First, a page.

Awash with faded opulence, Guillermo del Toro's adult fairy tale The Shape of Water is a Cold War-era love story between a lab cleaner and the unusual water creature housed at the Baltimore lab where she works.
Filmed in Toronto in the fall of 2016 (and opening in Toronto on Dec. 8), Shape includes locations such as Elgin Theatre and Massey Hall, where the exterior stands in for a turn-of-the-century theatre-turned-movie-palace called the Orpheum, where both Sally Hawkins's and Richard Jenkins's characters live. Their neighbouring apartments (built on a set) each share half the once-grand arched window.
Creating the film's functional wet environment, including an entire set submersible in a tank of water, was its own technical feat, but the film's overall production design is also a staggering aesthetic achievement. The film's Canadian production designer, Paul Austerberry (X-Men, Pompeii), says it was, in many ways, a dream project.
The research-facility labs are a subterranean world of rusty pipes, teals and creamy spearmint-green tile housed in a concrete Brutalist building (Austerberry studied architecture at Carleton University before entering the film industry). The creature's low-stepped holding pool architecture is reminiscent of a ziggurat, with the pipes radiating in a semi-circular fashion, like the sun of a god temple.
Both Austerberry and costume designer Luis Sequeira's teams worked from the same 100 initial colours (picked on day one of production from six hefty Benjamin Moore chip decks), so that palettes of where the characters live and what they wear are seamless visually. "Eliza's apartment would be in cyan, blues and aqua colours, while [neighbour and best friend] Giles is into mustards and golds and wood browns with much more warmth, essentially," Austerberry says.
Above three thick artfully aged layers of crimson, green and yellow peeling paint, for example, the Orpheum corridor features a hand-printed Louis Sullivan-inspired frieze called Chicago. And throughout Eliza's apartment, there is the Anglo-Japanese style of wallpaper (think Japanese meets high Victorian Gothic) in a repeating curved grid pattern of scales called Eastlake. Both pick up on the fictional building's backstory (of a theatre retrofitted some time in the late 1920s) and on the watery nature of the romantic plot.
The production department's set decorator Shane Vieau sourced the apartment wallpapers from Bradbury & Bradbury, a small California firm that crafts historic wallpapers using the same hand silkscreen technique and inks used wallpaper's original Victorian heyday. Before he spoke with me, the firm's artistic director, Stephen Bauer, watched the movie's trailer and was thrilled to spot several of their papers suitably aged and distressed to suggest time and wear.
Bauer explains that Bradbury's design was adapted from an original 1877 wallpaper remnant in the Cooper Hewitt design museum collection, and that the Anglo-Japanese style that was popular in the 1880s would have made its way to Maryland when British decorative arts were being promoted by Oscar Wilde on his cross-country American tour. And gleaming reproduction period wallpapers such as theirs are experiencing a revival. "The appeal, to me, is in a way being able to create a time machine with something that's from the past and walk around in it," Bauer says. Of Bradbury prints with shades of metallic inks, he explains: "It's not the same kind of gold you see in foil or offset printing. It's the same in its basic ingredients they were using in the 19th century, which is not ink but bronze powder – aluminum, tin and bronze, heat-treated to create colours. It's actual metal flakes that you're printing in a transparent medium."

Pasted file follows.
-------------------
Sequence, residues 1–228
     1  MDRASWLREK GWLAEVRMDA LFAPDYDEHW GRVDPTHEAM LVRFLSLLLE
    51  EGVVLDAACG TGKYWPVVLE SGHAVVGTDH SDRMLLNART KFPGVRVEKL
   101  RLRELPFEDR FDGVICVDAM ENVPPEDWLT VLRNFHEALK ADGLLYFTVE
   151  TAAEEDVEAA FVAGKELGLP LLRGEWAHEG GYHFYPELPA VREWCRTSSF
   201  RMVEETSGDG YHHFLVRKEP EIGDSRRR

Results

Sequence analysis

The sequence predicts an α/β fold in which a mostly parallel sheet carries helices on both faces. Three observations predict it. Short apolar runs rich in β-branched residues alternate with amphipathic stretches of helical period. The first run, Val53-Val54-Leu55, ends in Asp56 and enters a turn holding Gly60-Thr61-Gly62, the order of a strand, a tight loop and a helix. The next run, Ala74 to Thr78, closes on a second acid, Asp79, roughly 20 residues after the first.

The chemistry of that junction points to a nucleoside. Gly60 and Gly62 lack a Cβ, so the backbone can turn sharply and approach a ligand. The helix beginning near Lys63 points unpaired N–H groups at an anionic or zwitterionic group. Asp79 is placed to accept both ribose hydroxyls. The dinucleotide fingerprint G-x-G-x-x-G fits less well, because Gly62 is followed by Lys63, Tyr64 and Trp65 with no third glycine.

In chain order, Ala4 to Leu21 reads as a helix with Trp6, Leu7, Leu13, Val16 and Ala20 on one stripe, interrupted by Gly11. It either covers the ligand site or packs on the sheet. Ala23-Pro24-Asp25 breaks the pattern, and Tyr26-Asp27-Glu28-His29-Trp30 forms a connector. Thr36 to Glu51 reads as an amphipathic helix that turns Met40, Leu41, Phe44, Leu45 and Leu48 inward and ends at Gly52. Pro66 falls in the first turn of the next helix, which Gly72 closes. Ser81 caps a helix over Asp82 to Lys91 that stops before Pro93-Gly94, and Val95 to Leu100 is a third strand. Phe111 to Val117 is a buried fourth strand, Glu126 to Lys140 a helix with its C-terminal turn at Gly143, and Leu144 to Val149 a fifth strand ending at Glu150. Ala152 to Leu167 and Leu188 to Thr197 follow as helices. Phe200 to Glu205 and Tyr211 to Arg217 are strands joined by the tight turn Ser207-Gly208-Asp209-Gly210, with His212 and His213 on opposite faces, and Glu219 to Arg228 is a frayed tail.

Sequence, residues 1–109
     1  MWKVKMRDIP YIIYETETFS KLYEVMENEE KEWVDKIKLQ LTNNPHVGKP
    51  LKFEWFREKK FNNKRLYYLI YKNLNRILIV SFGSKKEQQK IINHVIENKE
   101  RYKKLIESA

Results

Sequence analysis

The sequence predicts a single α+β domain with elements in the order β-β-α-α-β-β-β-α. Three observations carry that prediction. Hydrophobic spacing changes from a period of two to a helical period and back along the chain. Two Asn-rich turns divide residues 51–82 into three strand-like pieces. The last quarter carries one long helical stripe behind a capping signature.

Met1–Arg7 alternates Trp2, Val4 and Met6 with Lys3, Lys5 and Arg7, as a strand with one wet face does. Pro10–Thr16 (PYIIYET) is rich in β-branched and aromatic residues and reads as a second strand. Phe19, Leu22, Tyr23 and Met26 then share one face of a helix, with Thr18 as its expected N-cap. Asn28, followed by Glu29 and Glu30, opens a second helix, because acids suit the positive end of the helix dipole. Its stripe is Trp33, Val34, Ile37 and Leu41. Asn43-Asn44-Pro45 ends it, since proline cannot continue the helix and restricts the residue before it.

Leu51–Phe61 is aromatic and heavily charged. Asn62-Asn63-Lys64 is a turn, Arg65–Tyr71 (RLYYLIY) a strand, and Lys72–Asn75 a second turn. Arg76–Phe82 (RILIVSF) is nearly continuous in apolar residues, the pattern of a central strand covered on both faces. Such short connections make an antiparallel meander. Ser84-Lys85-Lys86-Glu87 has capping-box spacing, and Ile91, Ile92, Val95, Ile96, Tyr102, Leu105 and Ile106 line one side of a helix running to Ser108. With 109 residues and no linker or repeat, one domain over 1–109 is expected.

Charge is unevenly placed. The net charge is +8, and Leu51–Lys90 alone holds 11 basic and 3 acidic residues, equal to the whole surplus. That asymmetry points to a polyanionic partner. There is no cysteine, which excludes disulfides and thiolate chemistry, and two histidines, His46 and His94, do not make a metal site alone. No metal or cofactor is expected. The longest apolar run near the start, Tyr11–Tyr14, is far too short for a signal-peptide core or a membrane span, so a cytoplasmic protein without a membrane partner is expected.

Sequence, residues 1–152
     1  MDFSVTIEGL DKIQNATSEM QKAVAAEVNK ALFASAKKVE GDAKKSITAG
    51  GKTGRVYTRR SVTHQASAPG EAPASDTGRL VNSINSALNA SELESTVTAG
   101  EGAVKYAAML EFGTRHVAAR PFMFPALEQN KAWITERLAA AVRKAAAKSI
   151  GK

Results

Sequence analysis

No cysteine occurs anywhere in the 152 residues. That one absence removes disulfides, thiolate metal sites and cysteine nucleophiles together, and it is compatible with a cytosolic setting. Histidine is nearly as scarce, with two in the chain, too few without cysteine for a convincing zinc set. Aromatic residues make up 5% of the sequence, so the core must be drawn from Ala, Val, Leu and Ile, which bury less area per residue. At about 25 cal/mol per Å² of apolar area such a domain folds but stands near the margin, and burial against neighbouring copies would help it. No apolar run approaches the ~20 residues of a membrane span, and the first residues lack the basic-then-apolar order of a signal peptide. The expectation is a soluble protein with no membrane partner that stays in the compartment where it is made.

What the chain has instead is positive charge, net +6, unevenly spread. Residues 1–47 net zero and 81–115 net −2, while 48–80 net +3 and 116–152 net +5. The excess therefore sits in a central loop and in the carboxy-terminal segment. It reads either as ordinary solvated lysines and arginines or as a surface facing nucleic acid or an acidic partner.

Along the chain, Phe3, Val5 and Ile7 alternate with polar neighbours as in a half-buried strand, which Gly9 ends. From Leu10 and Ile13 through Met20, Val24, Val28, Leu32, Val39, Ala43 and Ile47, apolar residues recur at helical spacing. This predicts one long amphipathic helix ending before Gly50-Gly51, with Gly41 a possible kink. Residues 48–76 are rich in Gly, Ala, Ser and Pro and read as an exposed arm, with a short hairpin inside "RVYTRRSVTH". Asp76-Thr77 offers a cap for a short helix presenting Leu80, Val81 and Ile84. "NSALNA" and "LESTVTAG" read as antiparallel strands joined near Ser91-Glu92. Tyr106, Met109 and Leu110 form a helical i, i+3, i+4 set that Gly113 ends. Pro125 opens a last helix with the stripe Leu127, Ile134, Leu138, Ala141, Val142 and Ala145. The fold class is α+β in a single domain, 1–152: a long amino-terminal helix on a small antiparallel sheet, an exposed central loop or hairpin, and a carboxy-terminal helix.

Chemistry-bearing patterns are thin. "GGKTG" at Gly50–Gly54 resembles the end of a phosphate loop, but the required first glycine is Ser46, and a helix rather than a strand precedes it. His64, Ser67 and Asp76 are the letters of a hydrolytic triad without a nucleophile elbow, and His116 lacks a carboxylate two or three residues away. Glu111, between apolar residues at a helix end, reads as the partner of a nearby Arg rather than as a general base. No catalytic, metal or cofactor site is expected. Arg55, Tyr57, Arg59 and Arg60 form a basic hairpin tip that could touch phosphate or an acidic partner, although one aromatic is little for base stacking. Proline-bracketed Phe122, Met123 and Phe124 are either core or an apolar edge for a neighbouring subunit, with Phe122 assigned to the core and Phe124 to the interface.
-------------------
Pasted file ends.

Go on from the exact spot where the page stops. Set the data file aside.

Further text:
"I chose it because there's a detail trim of it like the fish scales from Japanese woodcuts at the time," Austerberry says, "though we did so much distress on it! Guillermo loves his aging. It sounds cheesy to say," he adds, "but there are so many things in that set shaped by dripping water, we imagined there had once been a fire that was put out." Other narrative themes recur as decorative motifs throughout Eliza's apartment. "We found some vintage 1930s linoleum in her kitchen, which you barely notice, like the surface of water," he says.
"Other small subtle story points are also in the walls or in the backgrounds," he adds, describing a faint shadow built in plaster and then painted and distressed above Eliza's entryway that's based on Hokusai's Great Wave. "Guillermo is such a visual writer, he even wrote that through the warped cracks in the hardwood floor you would see light from the movie playing below. It was supposed to be reminiscent of caustic light when sunlight refracts underwater. This magical world, that was all written into the script."
"It's like magic to be able to resurrect something from the past, whether it's mid-century or the 1920s or the 1880s, that feeling," Bauer agrees.
"Wallpaper is so powerful that way," he adds. "In a lot of rooms you're covering five planes in the room and you can create such an impact, such a world evocative of a history. With walls. You can't do that so much with a rug or with furniture. But with wallpaper you can surround yourself with this iconic past."
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